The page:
The story overall is pretty strong. There is a good plot that organically brings the characters together, rather than seeming forced like the Avengers. There are many great performances by some of the best actors in the business. Benicio Del Toro has a cool guest spot, reprising his role as the Collector, last seen in Thor: The Dark World. In just a few moments, Benicio is able to exude a creepy sort of charm. We don’t know if this character is good or bad, but he is certainly entertaining. While we don’t see a lot of her, Dr. Who’s Karen Gillian plays Nebula, another of Thanos’ stepdaughters. In the brief moments she is on screen, Gillian manages to give Nebula a very interesting, if not somewhat nihilistic mystique. Chris Pratt certainly proves himself to be a fun and entertaining action/adventure actor as Peter Quill/Star-Lord. Pratt provides so many hilarious moments simply by his facial expressions. WWE wrestler Dave Bautista gives an enjoyable performance as Drax, an incredibly literal man (well, an alien man) who is haunted by the loss of his family at the hands of Ronan. Many of the most entertaining Drax moments come from the culture clash between him and his other teammates. Rocket comments that figures of speech go over Drax’s head and Drax replies: “Nothing goes over my head…..my reflexes are too quick!” Bradley Cooper steals a large chunk of the movie as Rocket Raccoon, his wise ass attitude is the perfect shield for the character’s tragic origins. While Groot is incredibly fun and proves to be the team’s biggest asset, I still think anyone could have provided his voice. All he says is “I am Groot!” I like Vin Diesel, but couldn’t anyone have said that?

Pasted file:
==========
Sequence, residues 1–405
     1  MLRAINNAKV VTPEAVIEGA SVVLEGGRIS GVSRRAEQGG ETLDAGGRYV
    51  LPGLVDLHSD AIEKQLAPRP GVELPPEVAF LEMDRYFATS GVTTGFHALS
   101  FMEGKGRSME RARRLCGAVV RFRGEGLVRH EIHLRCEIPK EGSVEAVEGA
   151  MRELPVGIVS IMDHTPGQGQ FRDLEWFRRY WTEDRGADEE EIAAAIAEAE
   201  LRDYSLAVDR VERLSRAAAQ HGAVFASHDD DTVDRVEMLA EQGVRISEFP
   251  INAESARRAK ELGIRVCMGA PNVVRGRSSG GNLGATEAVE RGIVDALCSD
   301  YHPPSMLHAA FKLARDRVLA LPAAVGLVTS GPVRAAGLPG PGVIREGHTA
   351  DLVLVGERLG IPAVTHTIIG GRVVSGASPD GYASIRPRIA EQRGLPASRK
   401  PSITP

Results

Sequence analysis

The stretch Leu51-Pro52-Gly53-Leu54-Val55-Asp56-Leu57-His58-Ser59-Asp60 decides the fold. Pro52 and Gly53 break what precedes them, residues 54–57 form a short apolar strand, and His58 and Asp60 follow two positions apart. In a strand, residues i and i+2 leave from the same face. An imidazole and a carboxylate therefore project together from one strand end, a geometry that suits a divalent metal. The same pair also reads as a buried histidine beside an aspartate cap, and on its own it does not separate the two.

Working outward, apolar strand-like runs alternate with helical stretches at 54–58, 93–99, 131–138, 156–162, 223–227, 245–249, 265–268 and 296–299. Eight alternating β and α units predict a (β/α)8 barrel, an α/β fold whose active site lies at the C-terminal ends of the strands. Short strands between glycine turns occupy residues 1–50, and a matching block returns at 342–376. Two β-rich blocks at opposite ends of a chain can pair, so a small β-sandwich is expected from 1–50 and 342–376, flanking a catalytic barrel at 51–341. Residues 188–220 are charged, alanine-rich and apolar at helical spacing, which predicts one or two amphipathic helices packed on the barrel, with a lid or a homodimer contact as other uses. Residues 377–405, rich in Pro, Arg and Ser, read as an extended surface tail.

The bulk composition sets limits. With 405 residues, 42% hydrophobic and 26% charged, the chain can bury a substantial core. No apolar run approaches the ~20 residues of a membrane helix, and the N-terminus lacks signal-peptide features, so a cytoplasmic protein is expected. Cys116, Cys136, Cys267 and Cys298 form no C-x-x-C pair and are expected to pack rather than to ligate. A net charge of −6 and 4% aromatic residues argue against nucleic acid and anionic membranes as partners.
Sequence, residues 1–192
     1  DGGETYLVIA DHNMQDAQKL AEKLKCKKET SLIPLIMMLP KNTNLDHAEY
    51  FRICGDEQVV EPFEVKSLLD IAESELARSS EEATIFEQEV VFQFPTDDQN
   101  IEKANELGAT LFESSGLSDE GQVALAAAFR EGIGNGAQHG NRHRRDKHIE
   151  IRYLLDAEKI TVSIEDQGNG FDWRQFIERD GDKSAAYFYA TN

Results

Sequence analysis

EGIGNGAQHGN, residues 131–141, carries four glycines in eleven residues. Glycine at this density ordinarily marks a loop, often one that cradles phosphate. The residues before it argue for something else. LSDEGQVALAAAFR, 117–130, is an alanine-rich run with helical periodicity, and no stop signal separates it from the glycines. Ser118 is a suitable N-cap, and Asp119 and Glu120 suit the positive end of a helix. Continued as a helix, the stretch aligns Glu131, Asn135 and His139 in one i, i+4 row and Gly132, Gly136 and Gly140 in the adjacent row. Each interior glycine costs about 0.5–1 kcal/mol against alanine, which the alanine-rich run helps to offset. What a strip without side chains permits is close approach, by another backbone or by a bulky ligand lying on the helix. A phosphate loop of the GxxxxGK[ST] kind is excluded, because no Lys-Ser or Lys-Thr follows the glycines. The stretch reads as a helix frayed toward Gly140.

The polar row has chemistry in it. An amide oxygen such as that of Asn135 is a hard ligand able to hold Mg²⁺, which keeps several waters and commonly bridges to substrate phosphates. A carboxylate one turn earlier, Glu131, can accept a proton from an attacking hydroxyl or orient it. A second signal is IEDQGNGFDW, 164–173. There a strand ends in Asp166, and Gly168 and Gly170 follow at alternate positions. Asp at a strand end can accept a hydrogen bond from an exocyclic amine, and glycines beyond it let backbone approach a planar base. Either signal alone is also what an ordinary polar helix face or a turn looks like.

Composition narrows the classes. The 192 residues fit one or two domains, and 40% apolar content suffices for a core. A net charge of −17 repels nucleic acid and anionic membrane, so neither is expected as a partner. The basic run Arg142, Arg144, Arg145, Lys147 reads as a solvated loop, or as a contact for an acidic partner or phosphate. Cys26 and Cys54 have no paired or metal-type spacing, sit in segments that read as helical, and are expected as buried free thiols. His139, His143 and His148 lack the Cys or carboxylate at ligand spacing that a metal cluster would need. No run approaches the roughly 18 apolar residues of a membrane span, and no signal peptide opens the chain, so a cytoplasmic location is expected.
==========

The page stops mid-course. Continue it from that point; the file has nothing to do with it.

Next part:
I wasn’t pleased with Zoe Saldana’s role as Gamora. She wasn’t necessarily bad, but she wasn’t all that engaging either. I think someone who is used to playing edgier characters like Rosario Dawson could have brought more depth to the character. Saldana just seems a little flat. Michael Rooker nails the role of Yondu, bringing the character to a whole new level. This isn’t the noble warrior from the original comic book, Rooker transforms him into an alien redneck with a bad attitude, which serves as a fun distraction for an otherwise overly serious genre. While many old school comic book fans may not like this incarnation of Yondu, it doesn’t cancel out the original character. The film Yondu is in the 21st century, he could very well just be an ancestor of the warrior comic nerds like me are familiar with.
Director James Gunn masterfully blends a wide array of characters, settings and plot pieces that would be difficult for many directors and creates a comic book movie that not only succeeds in being a great adaptation, it’s fun. Incredibly fun. With characters you’ve never heard of and far out cosmic plots, Gunn and crew have crafted a film that is superior than the Avengers in many ways. 9/10 (It would have been 10/10 if Saldana had given Gamora just a little more depth and edge. She’s just not that kind of actress.)